Synopses & Reviews
Despite protestations to the contrary, myth criticism in literature is not dead: witness the well over 1000 illuminating sources published between 1970 and 1990 selected from thousands more and provided with succinct informative annotations. The modern study of the relation between myths and literature began in the late 19th century with publication of James G. Frazer's The Golden Bough
and reached a high water mark with Northrop Frye's archetypal criticism beginning in the late 1950s. The end of modernism proclaimed in the late 1960s seemed also to toll the death knell for myth criticism, which was denigrated by some new critics of the post-modernist era. Instead, however, the authors here have found a wealth of recent materials, some proceeding from traditional psychological or anthropological stances and others taking new directions: studying relationships between myth and language and myth and history, viewing myth as part of the complex fabric of fiction rather than its core, and accommodating feminist theory, among other approaches. The variety of narratives accorded the status of myth has also prompted inquiries on mythopoesis, or the literary creation of myth.
The opening chapter surveys work done on the mythic or archetypal approach in general and on such mythic figures in literature as Orpheus, Oedipus, Cain, and Faust; the second chapter covers works on myth in classical literature; and the following five chapters correspond to major periods in British and American literature. Included are general studies and studies of particular authors, notably among them such giants of the past as Shakespeare, Milton, Melville, Joyce, and Faulkner, but also including such contemporary writers as Toni Morrison and John Updike. A well-constructed subject index provides access throughout to mythical figures and literary figures as well as major theories and theorists, topics, and themes; and an author index accesses the critical studies.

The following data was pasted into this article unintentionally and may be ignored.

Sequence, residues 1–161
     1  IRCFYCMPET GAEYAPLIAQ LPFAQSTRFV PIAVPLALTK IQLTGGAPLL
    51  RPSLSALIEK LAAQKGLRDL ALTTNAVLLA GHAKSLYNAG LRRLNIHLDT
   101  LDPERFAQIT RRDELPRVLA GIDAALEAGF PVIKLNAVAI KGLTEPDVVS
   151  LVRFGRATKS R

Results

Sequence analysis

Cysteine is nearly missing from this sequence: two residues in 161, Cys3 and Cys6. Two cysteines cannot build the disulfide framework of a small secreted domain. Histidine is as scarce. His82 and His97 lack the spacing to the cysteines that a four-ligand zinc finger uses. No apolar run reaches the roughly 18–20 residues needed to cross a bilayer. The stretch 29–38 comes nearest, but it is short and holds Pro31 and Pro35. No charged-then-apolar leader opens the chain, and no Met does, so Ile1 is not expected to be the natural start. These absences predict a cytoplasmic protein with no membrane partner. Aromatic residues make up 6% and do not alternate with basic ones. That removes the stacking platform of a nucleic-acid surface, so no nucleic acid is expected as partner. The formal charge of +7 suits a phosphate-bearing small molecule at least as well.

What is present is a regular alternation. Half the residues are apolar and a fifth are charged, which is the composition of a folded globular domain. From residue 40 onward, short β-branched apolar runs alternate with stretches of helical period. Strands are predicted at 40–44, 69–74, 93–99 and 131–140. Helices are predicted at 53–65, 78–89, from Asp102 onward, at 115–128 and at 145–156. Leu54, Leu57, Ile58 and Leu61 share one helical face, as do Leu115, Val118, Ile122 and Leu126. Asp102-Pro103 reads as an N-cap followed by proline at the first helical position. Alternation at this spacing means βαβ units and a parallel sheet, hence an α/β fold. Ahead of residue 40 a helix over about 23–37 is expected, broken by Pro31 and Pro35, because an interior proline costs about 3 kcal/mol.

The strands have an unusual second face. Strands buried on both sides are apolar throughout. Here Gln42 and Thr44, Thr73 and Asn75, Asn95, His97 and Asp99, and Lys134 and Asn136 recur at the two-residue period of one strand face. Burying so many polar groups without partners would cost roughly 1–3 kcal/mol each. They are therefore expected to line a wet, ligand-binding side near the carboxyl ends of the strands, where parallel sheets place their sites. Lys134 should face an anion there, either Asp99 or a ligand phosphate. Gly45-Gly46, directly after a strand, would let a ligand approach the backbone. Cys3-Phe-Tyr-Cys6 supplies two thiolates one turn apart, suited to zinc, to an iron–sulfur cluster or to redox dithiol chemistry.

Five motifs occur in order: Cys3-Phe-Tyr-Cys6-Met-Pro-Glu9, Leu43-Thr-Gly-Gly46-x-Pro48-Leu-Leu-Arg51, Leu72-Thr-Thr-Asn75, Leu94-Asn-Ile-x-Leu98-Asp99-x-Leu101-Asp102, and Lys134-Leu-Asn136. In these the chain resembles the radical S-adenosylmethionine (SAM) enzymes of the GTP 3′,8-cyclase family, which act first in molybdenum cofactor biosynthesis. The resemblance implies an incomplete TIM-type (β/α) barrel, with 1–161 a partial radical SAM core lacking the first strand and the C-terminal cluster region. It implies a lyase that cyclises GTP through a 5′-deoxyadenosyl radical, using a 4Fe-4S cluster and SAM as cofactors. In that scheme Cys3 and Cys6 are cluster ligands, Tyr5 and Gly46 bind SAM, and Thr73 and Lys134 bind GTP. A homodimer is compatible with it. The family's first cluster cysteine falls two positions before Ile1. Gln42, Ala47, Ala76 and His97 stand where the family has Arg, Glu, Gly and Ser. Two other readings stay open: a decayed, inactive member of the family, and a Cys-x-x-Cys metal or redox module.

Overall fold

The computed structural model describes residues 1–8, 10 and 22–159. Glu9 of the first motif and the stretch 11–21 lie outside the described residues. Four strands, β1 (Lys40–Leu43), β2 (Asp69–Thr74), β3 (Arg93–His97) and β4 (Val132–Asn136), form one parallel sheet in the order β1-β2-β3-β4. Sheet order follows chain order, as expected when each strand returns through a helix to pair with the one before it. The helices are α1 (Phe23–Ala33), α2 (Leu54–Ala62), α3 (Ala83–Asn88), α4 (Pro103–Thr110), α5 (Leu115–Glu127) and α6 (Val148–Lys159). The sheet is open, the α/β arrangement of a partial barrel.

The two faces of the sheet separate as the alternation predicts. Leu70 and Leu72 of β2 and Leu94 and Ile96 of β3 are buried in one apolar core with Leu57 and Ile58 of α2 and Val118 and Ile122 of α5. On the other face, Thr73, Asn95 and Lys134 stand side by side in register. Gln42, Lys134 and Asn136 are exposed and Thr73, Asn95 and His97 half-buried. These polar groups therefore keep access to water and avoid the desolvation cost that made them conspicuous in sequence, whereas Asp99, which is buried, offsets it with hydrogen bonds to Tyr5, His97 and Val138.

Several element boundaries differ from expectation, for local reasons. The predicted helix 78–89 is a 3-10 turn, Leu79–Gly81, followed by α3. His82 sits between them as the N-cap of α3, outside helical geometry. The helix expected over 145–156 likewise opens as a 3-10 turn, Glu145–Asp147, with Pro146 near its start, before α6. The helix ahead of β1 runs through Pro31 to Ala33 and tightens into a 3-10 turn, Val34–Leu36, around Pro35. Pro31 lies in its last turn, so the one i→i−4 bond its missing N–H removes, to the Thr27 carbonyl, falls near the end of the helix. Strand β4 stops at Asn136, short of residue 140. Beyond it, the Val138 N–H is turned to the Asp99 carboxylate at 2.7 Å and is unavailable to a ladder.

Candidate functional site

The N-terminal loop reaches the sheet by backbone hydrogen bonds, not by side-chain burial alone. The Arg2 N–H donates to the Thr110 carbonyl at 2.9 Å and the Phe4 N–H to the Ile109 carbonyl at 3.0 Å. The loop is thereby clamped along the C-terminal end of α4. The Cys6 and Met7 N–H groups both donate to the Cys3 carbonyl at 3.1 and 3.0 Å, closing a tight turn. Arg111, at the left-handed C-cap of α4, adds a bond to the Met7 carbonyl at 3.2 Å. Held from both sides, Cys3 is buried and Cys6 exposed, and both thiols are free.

This exceedingly useful and informative bibliography covers books and articles in English on myth and literature published between 1970 and 1990.Religious Studies Review
Despite protestations to the contrary, myth criticism did not die with modernism: witness the more than 1000 illuminating sources in this reference book culled from thousands more published in the post-modernist era between 1970 and 1990. Seven authors, each a specialist in a literary period, have selected and carefully annotated recent critical works, some proceeding from traditional pyschological or anthropological stances and others taking new directions. The opening chapter surveys work done on the mythic or archetypal approach in general; the second chapter covers materials on myth in classical literature; and the following chapters correspond to periods in British and American literature. Included are general studies, studies of particular authors, and a subject index.
About the Author
BERNARD ACCARDI, DAVID J. CHARLSON, FRANK A. DODEN, RICHARD F. HARDIN, SUNG RYOL KIM, SONYA J. LANCASTER and MICHAEL H. SHAW are members of the Myth Studies Unit at the University of Kansas.
Table of Contents
Theory and Themes by Richard F. Hardin
Classical Literature by Michael H. Shaw
English Literature to 1660 by Frank A. Doden
British Literature 1660-1900 by Sung Ryol Kim
Twentieth-Century British Literature by Sonya J. Lancaster
American Literature to 1900 by Bernard Accardi
Twentieth-Century American Literature by David J. Charlson